But a word of warning: commodities trading is risky and is not for the faint-hearted or thinly capitalised. Consult your stockbroker, your banker and anyone you share your bank account with before investing.
The soft commodities - cocoa, coffee and sugar - could provide some interest and cocoa is our best bet. Talks on a new international agreement to support prices through a withholding scheme enter the final stage next month.
Regardless of their success, cocoa consumption will be greater than production this year. Lawrence Eagles of GNI Research says output has hit a plateau while demand is rising by 2 1/2 to 3 per cent a year. 'In 1994/95 there will be an even bigger deficit, and what are now large stocks could be drawn down quickly.'
Cocoa averaged 50 cents a pound in 1992, and could rise 10 per cent in 1993.
Tea was the exciting dark horse of 1992. A 10 per cent drop in world tea production, buoyant demand especially from Russia, and the fall in the value of the pound after Black Wednesday, caused a price advance of around 26 per cent in 1992. The Economist Intelligence Unit forecasts that tea prices could rise another 22 per cent to 165p/kg this year.
Coffee prices are worth watching, but could disappoint after an unexpected jump at the end of 1992. Estimates for lower production in Brazil, the world's largest producer, boosted the price of arabica coffee by December to around 60 cents, 30 per cent above the year's low. Analysts say there is a 50-50 chance of an international coffee accord being agreed, which could help prices too.
Of the industrial metals, we like nickel for '93. It has fallen the furthest of the major base metals - 10-15 per cent in 1992 - amid large stocks and sluggish demand, and looks to have the most potential for recovery this year.
Graham Roberts, director of mining research for Carr Kitcat and Aitken, sees nickel rising to dollars 2.90 a lb from around dollars 2.67. But large inventories still overhang the market and uneven economic recovery in the industrial world might restrain the upturn.
Tin is a long shot, but it could perform well. One of the most unfashionable metals since the collapse of the tin market in 1985, tin supplies are now below production levels and are likely to stay in deficit because many mines have closed.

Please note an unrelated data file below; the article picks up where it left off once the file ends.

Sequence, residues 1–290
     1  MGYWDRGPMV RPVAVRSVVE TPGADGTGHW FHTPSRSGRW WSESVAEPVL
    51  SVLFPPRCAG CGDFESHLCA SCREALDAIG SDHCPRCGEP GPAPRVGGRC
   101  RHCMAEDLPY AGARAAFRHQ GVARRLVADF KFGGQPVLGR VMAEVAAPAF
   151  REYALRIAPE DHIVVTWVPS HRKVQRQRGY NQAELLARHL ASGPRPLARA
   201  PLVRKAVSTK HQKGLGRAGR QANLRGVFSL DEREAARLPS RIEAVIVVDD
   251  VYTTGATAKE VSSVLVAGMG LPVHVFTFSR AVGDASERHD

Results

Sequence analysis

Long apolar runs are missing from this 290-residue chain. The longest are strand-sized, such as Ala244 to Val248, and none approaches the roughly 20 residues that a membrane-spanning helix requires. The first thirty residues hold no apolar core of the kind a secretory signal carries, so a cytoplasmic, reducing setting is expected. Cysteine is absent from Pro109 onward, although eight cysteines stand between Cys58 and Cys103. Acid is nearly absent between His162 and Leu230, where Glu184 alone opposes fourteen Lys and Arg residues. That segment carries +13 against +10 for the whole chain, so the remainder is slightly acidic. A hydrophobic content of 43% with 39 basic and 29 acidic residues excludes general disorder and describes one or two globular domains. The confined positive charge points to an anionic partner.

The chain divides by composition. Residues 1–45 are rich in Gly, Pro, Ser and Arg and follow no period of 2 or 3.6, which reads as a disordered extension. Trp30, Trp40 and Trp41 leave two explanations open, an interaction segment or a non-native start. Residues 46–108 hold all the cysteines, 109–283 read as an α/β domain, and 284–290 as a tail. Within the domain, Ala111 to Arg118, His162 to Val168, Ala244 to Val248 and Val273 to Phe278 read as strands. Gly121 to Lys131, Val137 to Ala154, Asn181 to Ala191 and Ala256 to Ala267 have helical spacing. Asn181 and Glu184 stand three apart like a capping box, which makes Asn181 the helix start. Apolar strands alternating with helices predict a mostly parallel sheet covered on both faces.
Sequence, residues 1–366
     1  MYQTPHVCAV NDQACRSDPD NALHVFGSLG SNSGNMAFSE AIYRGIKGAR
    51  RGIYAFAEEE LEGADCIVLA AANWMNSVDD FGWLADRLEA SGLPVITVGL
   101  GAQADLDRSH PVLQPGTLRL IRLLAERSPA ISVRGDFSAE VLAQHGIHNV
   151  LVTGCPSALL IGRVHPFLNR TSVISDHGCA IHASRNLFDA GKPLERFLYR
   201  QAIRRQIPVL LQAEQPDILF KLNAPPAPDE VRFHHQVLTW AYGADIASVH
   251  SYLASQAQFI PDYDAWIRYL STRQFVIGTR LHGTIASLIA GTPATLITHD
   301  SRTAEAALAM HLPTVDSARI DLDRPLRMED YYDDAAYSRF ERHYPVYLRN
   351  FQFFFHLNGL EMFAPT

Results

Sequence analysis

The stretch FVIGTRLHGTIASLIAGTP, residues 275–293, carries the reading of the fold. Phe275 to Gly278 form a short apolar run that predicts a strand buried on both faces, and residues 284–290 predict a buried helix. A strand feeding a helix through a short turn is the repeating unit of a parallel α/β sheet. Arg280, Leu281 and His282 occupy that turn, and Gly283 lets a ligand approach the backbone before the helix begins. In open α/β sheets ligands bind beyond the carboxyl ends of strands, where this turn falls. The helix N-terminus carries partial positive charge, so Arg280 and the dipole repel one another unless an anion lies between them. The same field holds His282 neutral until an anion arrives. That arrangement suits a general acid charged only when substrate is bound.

Stephen Briggs, of Metals and Minerals Research Services, says: 'It doesn't take much to move a market like this because it is very thin. Tin is one of the better bets for 1993.'
Tin prices rose nearly 10 per cent in 1992, to an average dollars 2.75 a lb, and could climb above dollars 3.50.
Among precious metals, platinum is our favourite. Used for industrial and jewellery purposes, and with increasing demand in the autocatalyst market as clean air laws tighten up around the world, platinum is best positioned to rise this year. After averaging dollars 360 an ounce in 1992, it could reach dollars 380 or dollars 390 and extend its premium to gold to dollars 40.
Rubber also gets our vote. It has been helped by sterling devaluation and a positive shift in supply and demand, including from tyre producers. The EIU forecasts average prices of 66p/kg this year, after 54p last.
Commodities unlikely to be in the ascent in 1993 include wheat, maize and oilseeds. Bill de Maria, senior economist with the International Wheat Council, says: 'Though we don't make price predictions, it's unlikely that prices should rise significantly in the year ahead. There is a lot of grain around and not a lot of money in developing countries to buy it.'
Last but not least, gold is unlikely to shine this year after a disappointing 1992.